Author(s): Meghan Housewright. Published on January 2, 2018.

Safety Delayed

Why it’s time for elected officials to take the pleas of special interests with a grain of salt and trust in the code adoption process

In an independent survey of more than 1,000 U.S. residents recently commissioned by the NFPA Fire & Life Safety Policy Institute, 86 percent of respondents reported that they felt confident that if they bought a newly constructed home, it would meet the most up-to-date fire and electrical safety codes.

The fact is, though, if you live in Pennsylvania and many other places in the U.S., your new house may be built to electrical codes 10 years out of date.

There are a few reasons for that, including the politicization of code adoption and reliance on less efficient mechanisms for adoption, which have resulted in a number of states being years behind current codes. States that fall behind are delaying safety advances for their citizens.

In today’s contentious political environment, it perhaps comes as no surprise that even electrical code adoption isn’t above the fray. Concerns about politicization of the code adoption process were raised repeatedly in surveys and interviews recently conducted with individuals who have electrical code adoption responsibilities in their states or counties. These conversations, conducted on behalf of the Policy Institute, were used to gain insights into the code adoption process and to better understand its challenges. Many of the professionals interviewed told us that they worried that their independence and expertise were under heavy scrutiny by elected officials who, often beset by special interests, equate cutting regulatory burdens with slowing code adoption.

The mechanisms used by states to adopt codes can also impact the amount of time it takes, or whether entire code cycles are skipped. Looking at adoption trends for the 2008, 2011, and 2014 editions of NFPA 70®, National Electrical Code® (NEC®), we found that states that entrust the adoption to a panel of experts like an electrical board, for example, tend to adopt updates to the NEC in roughly half the time it takes states without electrical boards. Additionally, states that do not prioritize adoption of the NEC, and wait to adopt it as a package with other codes, lag roughly 14 to 18 months behind states that adopt the NEC directly.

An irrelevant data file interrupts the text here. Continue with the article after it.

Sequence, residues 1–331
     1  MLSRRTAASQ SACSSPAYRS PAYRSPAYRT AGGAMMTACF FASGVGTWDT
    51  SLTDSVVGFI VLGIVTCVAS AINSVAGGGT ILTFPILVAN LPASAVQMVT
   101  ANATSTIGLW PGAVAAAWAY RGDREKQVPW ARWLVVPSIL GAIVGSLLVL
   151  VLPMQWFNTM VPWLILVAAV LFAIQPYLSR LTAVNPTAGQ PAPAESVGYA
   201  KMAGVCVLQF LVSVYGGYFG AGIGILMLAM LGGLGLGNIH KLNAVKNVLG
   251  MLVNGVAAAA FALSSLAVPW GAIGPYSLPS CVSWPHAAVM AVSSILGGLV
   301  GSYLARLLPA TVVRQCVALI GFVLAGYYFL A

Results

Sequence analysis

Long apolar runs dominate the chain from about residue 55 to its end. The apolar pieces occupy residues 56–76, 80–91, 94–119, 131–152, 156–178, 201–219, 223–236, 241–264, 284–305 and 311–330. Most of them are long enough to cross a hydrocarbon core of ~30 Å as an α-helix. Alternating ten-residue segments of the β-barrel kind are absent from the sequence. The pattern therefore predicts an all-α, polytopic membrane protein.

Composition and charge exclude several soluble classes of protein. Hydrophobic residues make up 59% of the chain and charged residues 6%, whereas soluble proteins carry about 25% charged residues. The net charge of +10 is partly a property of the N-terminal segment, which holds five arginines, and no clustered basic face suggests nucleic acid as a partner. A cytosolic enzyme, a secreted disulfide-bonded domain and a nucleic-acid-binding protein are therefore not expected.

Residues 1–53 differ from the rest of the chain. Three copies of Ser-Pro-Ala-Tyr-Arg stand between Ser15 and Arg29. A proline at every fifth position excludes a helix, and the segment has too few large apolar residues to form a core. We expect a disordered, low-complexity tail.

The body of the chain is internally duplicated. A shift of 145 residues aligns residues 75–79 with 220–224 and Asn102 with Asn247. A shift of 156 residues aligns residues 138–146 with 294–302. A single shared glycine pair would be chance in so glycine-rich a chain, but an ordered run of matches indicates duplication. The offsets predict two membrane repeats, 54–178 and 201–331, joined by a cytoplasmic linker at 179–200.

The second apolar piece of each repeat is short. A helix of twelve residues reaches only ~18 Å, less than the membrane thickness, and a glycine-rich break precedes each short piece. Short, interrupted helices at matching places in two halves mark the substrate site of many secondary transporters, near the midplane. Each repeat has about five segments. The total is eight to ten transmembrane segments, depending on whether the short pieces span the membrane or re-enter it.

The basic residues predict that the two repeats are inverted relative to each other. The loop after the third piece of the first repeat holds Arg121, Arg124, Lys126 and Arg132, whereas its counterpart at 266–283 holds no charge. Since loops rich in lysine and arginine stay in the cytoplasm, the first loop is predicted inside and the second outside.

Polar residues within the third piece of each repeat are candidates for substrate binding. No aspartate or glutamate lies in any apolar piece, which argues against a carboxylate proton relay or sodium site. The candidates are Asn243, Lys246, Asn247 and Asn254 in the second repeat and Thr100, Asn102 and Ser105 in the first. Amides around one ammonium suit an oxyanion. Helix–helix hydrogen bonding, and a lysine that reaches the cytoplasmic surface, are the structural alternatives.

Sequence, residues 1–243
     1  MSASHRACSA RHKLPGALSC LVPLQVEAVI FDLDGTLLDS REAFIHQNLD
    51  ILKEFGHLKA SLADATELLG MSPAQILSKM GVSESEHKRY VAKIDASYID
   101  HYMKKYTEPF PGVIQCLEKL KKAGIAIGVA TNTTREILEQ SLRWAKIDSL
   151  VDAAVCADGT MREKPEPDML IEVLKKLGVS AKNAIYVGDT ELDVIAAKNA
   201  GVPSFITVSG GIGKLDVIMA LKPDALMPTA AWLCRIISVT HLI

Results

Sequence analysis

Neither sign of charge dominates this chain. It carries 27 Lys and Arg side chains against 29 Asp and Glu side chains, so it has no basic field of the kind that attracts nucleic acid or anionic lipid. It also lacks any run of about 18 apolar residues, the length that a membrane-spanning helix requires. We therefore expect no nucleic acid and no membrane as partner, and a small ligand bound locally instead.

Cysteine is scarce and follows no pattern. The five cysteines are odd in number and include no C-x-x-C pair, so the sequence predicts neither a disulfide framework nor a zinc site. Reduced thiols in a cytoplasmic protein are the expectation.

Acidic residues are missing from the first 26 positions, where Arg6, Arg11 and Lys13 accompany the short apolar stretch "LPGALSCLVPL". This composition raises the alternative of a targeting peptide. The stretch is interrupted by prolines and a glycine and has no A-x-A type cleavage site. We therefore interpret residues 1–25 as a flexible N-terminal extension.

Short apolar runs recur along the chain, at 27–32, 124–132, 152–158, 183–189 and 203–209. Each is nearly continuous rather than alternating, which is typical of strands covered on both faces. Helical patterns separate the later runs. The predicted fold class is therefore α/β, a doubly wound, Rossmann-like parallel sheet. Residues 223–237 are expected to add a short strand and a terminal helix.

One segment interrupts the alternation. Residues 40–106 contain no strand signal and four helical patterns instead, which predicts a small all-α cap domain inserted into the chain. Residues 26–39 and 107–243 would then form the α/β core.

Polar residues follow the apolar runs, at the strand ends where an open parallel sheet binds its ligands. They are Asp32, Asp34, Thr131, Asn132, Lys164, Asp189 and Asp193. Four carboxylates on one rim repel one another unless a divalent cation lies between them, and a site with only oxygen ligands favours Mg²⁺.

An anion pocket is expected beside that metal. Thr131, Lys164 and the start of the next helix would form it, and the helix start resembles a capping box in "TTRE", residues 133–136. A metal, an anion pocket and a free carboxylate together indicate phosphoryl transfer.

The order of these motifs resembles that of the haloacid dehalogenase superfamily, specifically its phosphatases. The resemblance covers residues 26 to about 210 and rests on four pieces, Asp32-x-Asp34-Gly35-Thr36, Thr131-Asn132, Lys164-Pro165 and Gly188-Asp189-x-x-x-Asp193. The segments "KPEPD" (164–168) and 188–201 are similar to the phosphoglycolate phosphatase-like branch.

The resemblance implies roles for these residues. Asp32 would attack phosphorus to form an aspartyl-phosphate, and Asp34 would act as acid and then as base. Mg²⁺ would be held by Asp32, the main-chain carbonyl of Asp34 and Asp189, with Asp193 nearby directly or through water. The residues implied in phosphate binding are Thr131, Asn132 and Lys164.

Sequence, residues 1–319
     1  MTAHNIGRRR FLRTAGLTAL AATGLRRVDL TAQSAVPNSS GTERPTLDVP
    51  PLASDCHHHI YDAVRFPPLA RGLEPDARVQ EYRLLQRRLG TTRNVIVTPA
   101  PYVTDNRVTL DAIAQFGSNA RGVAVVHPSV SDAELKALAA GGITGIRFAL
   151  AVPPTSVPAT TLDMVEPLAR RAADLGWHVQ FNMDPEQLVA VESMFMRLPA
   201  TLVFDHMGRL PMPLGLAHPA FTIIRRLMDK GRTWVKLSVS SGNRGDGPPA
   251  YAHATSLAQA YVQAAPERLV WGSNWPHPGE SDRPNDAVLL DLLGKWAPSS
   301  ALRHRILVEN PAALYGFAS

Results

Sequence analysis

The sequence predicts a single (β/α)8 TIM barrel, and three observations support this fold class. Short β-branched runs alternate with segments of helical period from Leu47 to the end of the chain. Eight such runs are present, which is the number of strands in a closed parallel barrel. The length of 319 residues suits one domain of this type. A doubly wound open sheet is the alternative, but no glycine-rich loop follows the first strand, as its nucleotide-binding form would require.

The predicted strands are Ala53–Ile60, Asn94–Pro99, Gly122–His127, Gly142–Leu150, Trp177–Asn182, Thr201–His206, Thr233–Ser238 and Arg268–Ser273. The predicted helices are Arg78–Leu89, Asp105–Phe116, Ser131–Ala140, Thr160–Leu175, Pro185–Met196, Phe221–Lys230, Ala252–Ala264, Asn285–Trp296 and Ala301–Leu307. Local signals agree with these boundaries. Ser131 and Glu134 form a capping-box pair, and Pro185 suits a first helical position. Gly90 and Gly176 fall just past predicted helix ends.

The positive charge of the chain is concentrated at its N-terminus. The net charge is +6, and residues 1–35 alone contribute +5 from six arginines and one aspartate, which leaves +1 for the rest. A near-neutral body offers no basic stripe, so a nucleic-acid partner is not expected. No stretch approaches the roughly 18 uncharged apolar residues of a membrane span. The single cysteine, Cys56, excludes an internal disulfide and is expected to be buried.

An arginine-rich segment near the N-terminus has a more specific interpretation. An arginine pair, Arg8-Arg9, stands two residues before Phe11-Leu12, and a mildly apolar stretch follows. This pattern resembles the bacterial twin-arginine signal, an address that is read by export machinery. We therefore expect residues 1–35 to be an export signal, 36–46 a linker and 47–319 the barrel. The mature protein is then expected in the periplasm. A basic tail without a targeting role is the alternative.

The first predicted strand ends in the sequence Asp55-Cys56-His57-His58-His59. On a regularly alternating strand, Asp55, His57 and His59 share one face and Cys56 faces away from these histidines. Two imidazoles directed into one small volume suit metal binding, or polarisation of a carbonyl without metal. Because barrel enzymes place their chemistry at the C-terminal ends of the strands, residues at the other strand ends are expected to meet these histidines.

All of this means that states can vary widely in whether they are using the most up-to-date electrical safety knowledge available. Massachusetts, for instance, reliably adopts each new edition of the NEC six months after the code is published; some states, such as Wyoming, do so in 12 months. But other states wait much longer. Utah took 36 months to adopt the 2014 NEC; Virginia took 56 months; and Pennsylvania took 65 months to adopt the 2008 NEC, with no updates since.

These delays in code adoption have real-world consequences for citizens. The NEC is a central component of the electrical safety ecosystem; thanks in part to advances facilitated by the code, the number of U.S. home fires involving electrical malfunction or failure fell from 75,000 in 1980 to 48,100 in 2014, according to NFPA fire analysis statistics. Despite this success, from 2010 to 2014 there were still an annual average of 45,120 electrical-related home fires in the U.S., resulting in an average of 420 deaths and 1,370 injuries. States that neglect prompt adoption of the NEC will stymie progress in bringing the number of fires, deaths, and injuries to zero.

Most elected officials are naturally concerned with acting in the best interest of citizens. As the product of a national-level consensus process, codes like the NEC reflect extensive deliberations from varied stakeholders on the minimum level of safety for electrical installations. Politicians need to trust the experts who participate in the NEC development and electrical boards or others appointed to oversee adoption in their states and point special interests toward the national process rather than retread the ground that’s already been plowed. Not only does this bring the safety and innovation supported by the NEC to citizens faster, it is indeed what they expect.

MEGHAN HOUSEWRIGHT is director of the NFPA Policy Institute.